Today, Dr. Berry lives with her five adopted children in Savannah, where she is active in supporting organizations benefitting those in need. While she has graciously donated the royalties from the sales of her books to organizations that help families in transition, raised funds for scholarships and helped provide resource information to low-income families, she encourages others to get involved in whatever way they can.

“We all possess the power to make some else’s day better. It doesn’t take much,” Berry said. “Sometimes we have to remind ourselves: I have the power to change someone else’s life.”

A Place to Rebuild: Jennifer’s Story

A Place to Rebuild: Jennifer’s Story



Photograph by Maggie Lynn, Article by Andrea Six

Motherhood is a balancing act. Keeping everything going, even when things get rough, is just part of the job description. When Mom gets sick, it can be a real challenge for the family to keep that balance. When the illness is prolonged and Mom is sick for months, that balance can disappear completely, along with the family’s stability. That’s what happened to Jennifer and her two children. 

“Once I become ill, it takes about nine months for me to fully recover,” she explained.

She’d faced similar challenges in the past but this time was much worse. Despite her illness, she wanted to ensure her children had what they needed.

“Having children and being homeless is more overwhelming. It’s more stressful because, as a mother, you want to protect your kids. You want their feelings to be protected, you don’t want them to be so concerned about what’s going on. You don’t want them to try and mature too quickly,” Jennifer said.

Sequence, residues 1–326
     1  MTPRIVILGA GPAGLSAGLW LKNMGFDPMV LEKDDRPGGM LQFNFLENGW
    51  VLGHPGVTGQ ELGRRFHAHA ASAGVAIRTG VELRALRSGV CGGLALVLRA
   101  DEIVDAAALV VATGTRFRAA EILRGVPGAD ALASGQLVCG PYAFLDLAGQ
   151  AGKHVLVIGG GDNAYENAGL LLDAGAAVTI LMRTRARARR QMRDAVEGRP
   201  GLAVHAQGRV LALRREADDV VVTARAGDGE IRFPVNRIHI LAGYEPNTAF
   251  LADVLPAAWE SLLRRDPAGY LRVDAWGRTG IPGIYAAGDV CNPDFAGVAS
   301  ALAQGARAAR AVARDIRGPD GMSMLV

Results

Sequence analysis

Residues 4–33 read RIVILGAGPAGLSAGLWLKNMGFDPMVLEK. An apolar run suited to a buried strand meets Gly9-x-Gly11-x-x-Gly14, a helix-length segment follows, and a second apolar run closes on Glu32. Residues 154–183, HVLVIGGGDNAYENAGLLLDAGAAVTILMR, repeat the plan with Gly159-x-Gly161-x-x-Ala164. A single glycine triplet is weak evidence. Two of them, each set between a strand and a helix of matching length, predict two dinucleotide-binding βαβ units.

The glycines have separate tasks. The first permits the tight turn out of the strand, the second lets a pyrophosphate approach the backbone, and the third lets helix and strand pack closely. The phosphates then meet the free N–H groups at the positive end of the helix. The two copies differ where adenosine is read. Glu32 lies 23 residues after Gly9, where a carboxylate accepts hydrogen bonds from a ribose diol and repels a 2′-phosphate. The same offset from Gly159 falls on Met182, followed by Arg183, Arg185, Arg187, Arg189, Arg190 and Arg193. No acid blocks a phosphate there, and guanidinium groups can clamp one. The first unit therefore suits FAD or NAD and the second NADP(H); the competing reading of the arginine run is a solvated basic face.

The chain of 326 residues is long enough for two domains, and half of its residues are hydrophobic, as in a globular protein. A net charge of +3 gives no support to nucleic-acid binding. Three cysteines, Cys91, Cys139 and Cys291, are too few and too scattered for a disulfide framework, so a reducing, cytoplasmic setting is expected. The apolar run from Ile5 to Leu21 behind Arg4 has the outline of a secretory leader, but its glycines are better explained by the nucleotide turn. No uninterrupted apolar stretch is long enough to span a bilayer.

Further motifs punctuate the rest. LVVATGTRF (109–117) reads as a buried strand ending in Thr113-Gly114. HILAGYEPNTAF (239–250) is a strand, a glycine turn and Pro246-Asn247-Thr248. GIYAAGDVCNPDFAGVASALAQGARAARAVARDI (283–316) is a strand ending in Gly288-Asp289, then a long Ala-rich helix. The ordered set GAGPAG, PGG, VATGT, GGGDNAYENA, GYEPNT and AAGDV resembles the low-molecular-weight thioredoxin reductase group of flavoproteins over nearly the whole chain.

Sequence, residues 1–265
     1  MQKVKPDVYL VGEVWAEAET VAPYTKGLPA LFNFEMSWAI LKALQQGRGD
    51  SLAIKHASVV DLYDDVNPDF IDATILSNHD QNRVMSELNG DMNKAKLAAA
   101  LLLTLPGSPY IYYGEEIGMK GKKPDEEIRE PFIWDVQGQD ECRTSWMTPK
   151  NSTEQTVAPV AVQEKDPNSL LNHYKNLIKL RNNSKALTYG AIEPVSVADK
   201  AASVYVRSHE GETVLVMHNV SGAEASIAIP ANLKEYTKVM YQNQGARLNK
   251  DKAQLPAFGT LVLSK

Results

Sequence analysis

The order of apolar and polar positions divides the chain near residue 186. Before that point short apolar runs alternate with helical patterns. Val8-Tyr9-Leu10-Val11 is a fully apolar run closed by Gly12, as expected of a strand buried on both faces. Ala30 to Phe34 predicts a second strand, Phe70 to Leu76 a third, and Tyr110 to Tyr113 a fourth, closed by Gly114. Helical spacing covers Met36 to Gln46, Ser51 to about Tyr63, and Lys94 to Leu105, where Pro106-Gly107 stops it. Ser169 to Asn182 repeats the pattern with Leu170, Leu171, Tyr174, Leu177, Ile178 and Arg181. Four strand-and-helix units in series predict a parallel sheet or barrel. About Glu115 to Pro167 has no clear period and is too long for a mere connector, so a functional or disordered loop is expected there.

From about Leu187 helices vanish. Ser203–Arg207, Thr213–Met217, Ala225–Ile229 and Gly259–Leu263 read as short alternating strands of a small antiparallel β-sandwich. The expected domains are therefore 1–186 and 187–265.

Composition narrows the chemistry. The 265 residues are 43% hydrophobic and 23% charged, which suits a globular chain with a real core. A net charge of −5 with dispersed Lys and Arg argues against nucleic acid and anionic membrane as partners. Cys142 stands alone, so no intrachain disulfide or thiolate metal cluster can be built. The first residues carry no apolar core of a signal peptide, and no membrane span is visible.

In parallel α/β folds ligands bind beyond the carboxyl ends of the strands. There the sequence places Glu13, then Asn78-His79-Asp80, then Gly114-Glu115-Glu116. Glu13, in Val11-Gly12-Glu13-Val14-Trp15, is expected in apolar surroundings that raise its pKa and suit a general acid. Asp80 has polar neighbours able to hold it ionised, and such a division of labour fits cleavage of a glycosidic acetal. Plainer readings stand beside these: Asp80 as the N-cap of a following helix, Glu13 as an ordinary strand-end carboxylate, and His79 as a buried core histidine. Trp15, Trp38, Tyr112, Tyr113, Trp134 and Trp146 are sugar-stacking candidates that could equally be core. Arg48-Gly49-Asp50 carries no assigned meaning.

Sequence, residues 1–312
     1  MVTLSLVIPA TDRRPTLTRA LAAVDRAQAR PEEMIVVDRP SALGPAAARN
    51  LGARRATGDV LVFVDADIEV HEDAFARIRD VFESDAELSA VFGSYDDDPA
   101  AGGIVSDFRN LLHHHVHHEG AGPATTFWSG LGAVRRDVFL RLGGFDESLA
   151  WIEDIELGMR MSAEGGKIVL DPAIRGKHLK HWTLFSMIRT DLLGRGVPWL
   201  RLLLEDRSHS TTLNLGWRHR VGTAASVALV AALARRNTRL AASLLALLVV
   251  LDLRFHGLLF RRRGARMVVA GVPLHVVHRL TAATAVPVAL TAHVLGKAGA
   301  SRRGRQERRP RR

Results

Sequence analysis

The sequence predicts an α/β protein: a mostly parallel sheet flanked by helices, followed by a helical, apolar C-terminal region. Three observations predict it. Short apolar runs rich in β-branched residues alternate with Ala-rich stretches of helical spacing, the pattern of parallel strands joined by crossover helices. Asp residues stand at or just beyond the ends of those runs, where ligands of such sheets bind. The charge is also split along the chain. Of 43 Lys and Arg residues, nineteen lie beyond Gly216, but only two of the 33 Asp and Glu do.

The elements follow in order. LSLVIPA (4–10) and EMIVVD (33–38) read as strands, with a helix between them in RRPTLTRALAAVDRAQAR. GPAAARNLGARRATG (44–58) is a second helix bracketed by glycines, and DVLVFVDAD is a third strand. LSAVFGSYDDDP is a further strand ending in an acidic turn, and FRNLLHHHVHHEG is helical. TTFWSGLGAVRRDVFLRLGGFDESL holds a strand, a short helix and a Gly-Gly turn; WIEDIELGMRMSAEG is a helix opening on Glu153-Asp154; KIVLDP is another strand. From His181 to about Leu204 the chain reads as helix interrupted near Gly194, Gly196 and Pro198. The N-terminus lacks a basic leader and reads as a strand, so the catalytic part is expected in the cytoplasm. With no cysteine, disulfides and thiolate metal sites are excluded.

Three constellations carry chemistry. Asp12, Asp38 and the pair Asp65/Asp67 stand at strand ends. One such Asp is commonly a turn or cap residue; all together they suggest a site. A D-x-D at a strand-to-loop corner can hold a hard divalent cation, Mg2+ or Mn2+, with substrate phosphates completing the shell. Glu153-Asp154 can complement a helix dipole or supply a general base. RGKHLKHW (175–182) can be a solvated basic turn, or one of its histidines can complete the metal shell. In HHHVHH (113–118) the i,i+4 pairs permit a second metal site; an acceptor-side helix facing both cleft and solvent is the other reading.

She turned to her family for a helping hand but that only led to more instability and, eventually, Jennifer and her kids were back on the street. With her support system gone, Jennifer knew she needed more than just a shelter. Looking for real help to rebuild her life, she found Union Mission’s Magdalene House.


Living at the Magdalene House with other single mothers helped Jennifer provide her kids with some stability – a safe place to rest, recharge, and rebuild. It also showed her that change was possible. With Union Mission’s help, Jennifer has not just found a place to stay, but a program dedicated to providing her the help she needs to take those next steps.

“I think the most positive thing is that you have someone there working with you that’s able to obtain resources along with you. Right now I am working on getting a job. I’m actually working on three things: one is a job, the second is a place of my own, and also insurance for myself and my children,” Jennifer said.

Union Mission exists to help mothers just like Jennifer rebuild their lives and leave their homelessness behind. Your support means hope for a better tomorrow for homeless mothers and children. Thank you for sharing hope and help in our community!